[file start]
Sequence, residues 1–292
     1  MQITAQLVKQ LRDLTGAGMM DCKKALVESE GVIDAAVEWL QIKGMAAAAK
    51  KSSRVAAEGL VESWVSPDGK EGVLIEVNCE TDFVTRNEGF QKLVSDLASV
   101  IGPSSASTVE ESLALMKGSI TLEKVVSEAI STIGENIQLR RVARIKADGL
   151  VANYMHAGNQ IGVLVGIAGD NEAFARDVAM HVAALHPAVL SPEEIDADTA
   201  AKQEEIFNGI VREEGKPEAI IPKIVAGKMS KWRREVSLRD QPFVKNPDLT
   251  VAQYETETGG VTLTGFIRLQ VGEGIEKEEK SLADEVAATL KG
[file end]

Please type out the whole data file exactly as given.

Sequence, residues 1–292
     1  MQITAQLVKQ LRDLTGAGMM DCKKALVESE GVIDAAVEWL QIKGMAAAAK
    51  KSSRVAAEGL VESWVSPDGK EGVLIEVNCE TDFVTRNEGF QKLVSDLASV
   101  IGPSSASTVE ESLALMKGSI TLEKVVSEAI STIGENIQLR RVARIKADGL
   151  VANYMHAGNQ IGVLVGIAGD NEAFARDVAM HVAALHPAVL SPEEIDADTA
   201  AKQEEIFNGI VREEGKPEAI IPKIVAGKMS KWRREVSLRD QPFVKNPDLT
   251  VAQYETETGG VTLTGFIRLQ VGEGIEKEEK SLADEVAATL KG